Julianne Moore delivers a signature performance as a rumpled romantic survivor.
Film review by Joshua Rothkopf
Los Angeles women have no better avatar than Julianne Moore—film after film, she turns her complexity into a gift to the city’s quiet and desperate. Moore is brittle and close to self-ruination in Todd Haynes’s majestically chilly Safe; zonked out on pills (and guilt) in Magnolia; a distracted lust object in Short Cuts. You really have to go back to Gena Rowlands’s immortal turn in 1974’s A Woman Under the Influence, spitting and fidgeting on her Hollywood lawn, to find someone as good.
So it really should be a Marvel-level event that Gloria Bell sees Moore adding to her L.A. pantheon in a major way. Don’t let the movie’s deceptively banal title fool you—this is as complete and full-bodied a performance as you’re likely to see all year. Subtly, Moore etches in the details: Gloria has been divorced for 12 years. She seems fine with that, shooing away the neighbor’s cat that keeps slipping into her apartment when she’s working her blah insurance job. (Anyone who belts out Olivia Newton-John songs in her car would never think of herself as a cat lady.) Gloria loves to dance, and it’s at these disco nights, the silver foxes prowling, that Moore cuts loose with her most heartbreaking work, every song an emotional dip and a rebirth.
Chilean director Sebastián Lelio, an Oscar winner for his trans-compassionate A Fantastic Woman, has been here before, quite literally: His homegrown 2013 film, Gloria, was a first run of this material, which he now remakes with a mainly American cast—Fassbinder’s muse Barbara Sukowa makes a brief flash—and much of the same visual grammar. Think of it like a play or a pop song (yes, Laura Branigan’s “Gloria” gets a workout). Lelio wants to explore something iconic about the modern urban woman, and his commitment to that task over two films—why not more?—feels near-heroic.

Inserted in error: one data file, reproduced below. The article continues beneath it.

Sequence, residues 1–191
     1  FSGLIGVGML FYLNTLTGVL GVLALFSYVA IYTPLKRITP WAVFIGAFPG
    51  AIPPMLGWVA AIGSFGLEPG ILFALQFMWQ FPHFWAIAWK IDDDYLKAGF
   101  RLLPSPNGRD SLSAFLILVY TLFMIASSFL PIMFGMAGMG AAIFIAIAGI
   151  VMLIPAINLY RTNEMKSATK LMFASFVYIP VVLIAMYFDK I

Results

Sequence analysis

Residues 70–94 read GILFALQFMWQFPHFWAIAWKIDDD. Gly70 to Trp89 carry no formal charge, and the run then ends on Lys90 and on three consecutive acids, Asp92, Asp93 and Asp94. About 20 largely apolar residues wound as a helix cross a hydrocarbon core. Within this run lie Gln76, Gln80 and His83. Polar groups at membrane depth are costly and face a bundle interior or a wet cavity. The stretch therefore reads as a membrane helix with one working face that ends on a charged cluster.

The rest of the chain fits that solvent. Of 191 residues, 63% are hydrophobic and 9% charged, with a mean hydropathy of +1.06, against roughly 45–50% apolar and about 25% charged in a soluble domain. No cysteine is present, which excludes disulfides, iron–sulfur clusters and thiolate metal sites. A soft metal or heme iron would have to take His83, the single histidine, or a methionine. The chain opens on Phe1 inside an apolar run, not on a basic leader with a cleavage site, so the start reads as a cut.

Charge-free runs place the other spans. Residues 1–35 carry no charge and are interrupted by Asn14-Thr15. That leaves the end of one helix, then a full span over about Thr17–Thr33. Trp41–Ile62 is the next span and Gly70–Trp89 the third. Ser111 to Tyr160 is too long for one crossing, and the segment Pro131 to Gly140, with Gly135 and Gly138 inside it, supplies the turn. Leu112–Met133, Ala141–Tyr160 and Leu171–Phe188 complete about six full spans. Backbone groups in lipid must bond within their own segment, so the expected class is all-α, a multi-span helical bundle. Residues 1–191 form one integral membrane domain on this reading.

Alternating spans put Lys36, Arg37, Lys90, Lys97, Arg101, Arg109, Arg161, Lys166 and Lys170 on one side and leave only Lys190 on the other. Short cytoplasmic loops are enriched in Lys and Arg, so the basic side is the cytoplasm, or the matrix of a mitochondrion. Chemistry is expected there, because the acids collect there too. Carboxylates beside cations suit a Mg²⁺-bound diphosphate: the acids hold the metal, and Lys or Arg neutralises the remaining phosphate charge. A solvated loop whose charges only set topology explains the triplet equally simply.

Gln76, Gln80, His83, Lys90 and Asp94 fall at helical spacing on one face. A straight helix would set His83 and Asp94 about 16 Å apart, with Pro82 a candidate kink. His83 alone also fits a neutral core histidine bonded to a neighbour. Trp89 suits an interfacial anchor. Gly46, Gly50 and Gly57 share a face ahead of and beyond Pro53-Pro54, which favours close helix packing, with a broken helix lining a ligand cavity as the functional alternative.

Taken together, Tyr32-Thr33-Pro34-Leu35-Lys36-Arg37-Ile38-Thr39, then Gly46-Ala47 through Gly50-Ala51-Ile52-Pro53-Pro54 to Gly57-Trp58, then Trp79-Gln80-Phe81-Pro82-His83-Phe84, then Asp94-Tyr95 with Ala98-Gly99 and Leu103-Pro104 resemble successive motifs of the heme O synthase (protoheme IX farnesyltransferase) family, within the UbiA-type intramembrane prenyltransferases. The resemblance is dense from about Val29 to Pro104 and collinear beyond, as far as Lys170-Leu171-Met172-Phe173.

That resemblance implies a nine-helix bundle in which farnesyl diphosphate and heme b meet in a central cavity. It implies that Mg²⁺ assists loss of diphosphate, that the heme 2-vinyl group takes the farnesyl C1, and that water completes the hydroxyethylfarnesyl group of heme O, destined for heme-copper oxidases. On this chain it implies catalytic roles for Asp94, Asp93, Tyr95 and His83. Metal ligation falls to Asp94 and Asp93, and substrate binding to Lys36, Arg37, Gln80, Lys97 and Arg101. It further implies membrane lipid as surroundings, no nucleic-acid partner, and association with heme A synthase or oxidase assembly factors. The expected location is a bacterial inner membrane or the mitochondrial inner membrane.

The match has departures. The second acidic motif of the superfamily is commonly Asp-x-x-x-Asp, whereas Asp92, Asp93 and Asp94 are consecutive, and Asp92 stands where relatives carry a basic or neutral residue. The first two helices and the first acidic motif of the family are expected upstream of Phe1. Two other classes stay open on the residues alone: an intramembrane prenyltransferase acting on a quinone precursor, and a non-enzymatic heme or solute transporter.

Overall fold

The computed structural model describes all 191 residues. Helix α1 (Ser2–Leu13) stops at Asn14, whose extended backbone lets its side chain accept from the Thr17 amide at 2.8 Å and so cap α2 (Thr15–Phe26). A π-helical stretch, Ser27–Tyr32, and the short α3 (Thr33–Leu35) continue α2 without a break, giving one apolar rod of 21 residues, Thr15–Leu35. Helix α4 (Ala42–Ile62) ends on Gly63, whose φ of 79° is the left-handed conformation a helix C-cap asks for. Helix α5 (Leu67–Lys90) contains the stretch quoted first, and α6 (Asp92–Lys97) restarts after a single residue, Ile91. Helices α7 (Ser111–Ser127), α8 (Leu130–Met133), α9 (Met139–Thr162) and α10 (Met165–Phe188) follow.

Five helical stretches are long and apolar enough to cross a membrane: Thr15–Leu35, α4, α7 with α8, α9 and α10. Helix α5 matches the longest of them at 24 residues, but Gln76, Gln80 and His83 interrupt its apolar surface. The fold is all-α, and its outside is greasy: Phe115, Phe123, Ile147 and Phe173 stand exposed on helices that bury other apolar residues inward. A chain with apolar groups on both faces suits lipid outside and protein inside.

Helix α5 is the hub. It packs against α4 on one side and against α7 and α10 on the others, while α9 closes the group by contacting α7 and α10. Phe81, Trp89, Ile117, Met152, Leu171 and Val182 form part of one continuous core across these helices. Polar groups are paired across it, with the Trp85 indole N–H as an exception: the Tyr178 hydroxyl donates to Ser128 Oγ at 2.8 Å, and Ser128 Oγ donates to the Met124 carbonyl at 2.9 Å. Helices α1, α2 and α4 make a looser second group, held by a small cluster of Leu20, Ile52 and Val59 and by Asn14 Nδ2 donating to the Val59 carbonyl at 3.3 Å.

Lelio’s new cast is better, both sharper and confident enough to underplay. There’s not only the exquisite Moore, but also Michael Cera and Caren Pistorius as Gloria’s grown-up children, each grappling with personal disappointments, and a career-best John Turturro as Arnold. He’s the new man in Gloria’s life, another divorcé who repeatedly hurts her with his unavailability. (We come to both like and loathe him.) Even during its more predictable turns, Gloria Bell is a mature film that doesn’t resort to comic broadness. It includes nudity, but the sex is never crass. Moore makes it all play like the classic club remix it is.
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Cast and crew